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Triassic Period

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Chassidy Leslie

on 17 April 2013

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Transcript of Triassic Period

Plants The Triassic Period marked the beginning of major changes that were to take place throughout the Mesozoic Era, particularly in the distribution of continents, the evolution of life, and the geographic distribution of living things. Main Geologic Events Position of the Continents The first phase of deconstruction involved the sundering of the eastern landmasses allowing the influx of waters from the Panthalassic Ocean to flow westward, creating the Tethys Ocean and flooding many continental margins. After the Tethys Ocean formed, Pangaea continued to tear apart as the second phase of dismantling produced two large groups of continents:


•Laurasia – comprising North America, Europe and Asia

•Gondwana – comprising South America, Africa, Antarctica, India and Australia The Triassic period was a time of change, with some plants becoming extinct and others starting to proliferate. Ferns, cycads and conifers were common during this period. Although they weren't well established until the Early Cretaceous period, the Late Triassic period saw the beginning of the Sanmiguelia, which might have been the forebear of today's flowering plants. By: Chassidy Leslie Triassic Period It was hot and dry during the Triassic period. Warm temperate climates extended to the poles. This may have been one of the hottest times in Earth history. Rapid Global Warming at the very end of the Permian may have created a super - "Hot House" world that caused the great Permo-Triassic extinction. 99% of all life on Earth perished during the Permo-Triassic extinction. Early Triassic Climate The Triassic era started 251 million years ago and ended 199.6 million years ago Time Range The previous geologic era was the Jurassic era and the following era was the Permian era. At the end of the Triassic era, plate tectonic activity picked up, and a period of continental rifting began. On the margins of the continents, shallow seas, which had dwindled in area at the end of the Permian, became more extensive; as sea levels gradually rose, the waters of continental shelves were colonized for the first time by large marine reptiles and reef-building corals of modern aspect. As these two continental groups split from one another, a deep rift appeared along the eastern borders of what would become the North American continent. This great trench, called the Tethys Seaway, separated North America from Europe and Africa and would eventually form the Atlantic Ocean. Other geological changes included the formation of mountains (in China, Japan and along the western coast lands of North and South America) which in turn prevented the inflow of moist air from the oceans, further intensifying the arid environments in the continental interiors. Animals There weren't many dinosaurs early in the Triassic period, but the Pangaea landmass was awash in reptiles and amphibians. Therapsids were mammal-like reptiles, the most powerful animal of that period. There were different types of therapsids, including labyrinthodonts, procolophonids, dicynodonts and cynodonts. Meanwhile, the lystrosaurus was a dicynodont about the size of a dog. Its fossils have been found all over the world. And archosaurs started out as minor players in the Triassic animal kingdom. However, they were probably the forbears of dinosaurs, pterosaurs and crocodiles. Some archosaurs evolved into aquatic phytosaurs. Also of note was the Euparkeria, which stood upright and did not have any teeth The Middle Triassic period, for its part, was notable for the many changes that took place. Suddenly, there were more carnivores and four-legged predators. Included in this group were the Prestosuchidae, Rauisuchidae and the Gracilisuchus.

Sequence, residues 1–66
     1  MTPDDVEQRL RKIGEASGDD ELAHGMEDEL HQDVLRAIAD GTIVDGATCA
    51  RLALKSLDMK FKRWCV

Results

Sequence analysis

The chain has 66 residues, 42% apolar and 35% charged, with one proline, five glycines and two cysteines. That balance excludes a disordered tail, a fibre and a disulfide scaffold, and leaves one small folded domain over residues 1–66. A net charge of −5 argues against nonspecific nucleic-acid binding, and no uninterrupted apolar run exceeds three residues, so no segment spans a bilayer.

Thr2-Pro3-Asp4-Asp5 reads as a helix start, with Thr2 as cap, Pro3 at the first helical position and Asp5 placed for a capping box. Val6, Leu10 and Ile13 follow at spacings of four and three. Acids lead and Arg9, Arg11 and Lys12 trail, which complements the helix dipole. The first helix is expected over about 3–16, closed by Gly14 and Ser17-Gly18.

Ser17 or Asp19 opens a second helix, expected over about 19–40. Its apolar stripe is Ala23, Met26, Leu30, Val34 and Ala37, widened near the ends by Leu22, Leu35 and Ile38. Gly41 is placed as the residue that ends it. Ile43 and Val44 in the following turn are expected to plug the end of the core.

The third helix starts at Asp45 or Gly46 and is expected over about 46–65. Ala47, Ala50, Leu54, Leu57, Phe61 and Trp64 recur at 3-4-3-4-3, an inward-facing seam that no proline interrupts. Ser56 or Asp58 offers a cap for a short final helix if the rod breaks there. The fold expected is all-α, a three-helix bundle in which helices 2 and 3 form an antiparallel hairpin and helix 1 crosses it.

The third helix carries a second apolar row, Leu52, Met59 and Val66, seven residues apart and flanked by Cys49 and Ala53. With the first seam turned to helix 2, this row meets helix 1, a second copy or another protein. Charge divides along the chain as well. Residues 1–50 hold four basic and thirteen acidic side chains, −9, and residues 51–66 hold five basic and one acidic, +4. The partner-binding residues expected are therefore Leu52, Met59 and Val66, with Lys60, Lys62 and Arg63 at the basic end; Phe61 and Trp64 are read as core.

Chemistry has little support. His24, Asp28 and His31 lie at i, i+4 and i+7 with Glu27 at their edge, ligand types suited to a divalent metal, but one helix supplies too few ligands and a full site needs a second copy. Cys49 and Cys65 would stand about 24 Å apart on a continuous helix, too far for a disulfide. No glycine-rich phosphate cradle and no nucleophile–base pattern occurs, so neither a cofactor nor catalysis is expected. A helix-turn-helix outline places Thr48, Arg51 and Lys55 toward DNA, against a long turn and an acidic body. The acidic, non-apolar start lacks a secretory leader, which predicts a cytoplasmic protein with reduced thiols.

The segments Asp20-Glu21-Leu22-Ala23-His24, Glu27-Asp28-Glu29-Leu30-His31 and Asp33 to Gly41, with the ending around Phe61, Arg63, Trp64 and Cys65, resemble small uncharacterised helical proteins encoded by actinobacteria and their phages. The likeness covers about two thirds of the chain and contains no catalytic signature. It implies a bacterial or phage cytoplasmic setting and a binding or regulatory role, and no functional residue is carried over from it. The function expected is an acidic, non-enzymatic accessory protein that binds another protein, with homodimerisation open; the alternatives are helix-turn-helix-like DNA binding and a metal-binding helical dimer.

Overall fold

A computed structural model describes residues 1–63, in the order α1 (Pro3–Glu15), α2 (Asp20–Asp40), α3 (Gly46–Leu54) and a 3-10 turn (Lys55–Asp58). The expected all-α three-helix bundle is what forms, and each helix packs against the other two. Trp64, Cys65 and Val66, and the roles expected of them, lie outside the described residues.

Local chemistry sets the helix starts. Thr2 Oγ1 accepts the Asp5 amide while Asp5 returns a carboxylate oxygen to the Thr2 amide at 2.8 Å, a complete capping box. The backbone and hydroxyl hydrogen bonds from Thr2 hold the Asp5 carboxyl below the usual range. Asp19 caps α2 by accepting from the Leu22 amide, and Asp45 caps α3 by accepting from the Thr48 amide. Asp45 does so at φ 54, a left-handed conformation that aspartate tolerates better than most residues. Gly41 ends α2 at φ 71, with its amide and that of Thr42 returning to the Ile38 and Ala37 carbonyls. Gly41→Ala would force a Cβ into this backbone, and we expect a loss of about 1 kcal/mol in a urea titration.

Conifers – These occupied the upper story of the forest. Modern conifers include evergreens such as pine trees, fir and spruce. Cycads – Looking similar to modern palm trees, cycads inhabited the mid- to lower stories of the forest. Cycads today resemble very short palm trees. Ginkgoes – Dwelling in the middle stories of the forest, these plants, common in the Triassic, are represented by only one species today: Ginkgo biloba which appears in many herbal medicines. Seed Ferns – These plants, common before the Permian Extinction, covered the understory of the forests, and struggled to survive during the Triassic. Seed ferns eventually went extinct (the final blow coming in the Cretaceous) leaving only the spore ferns which still grow in many parts of the world.
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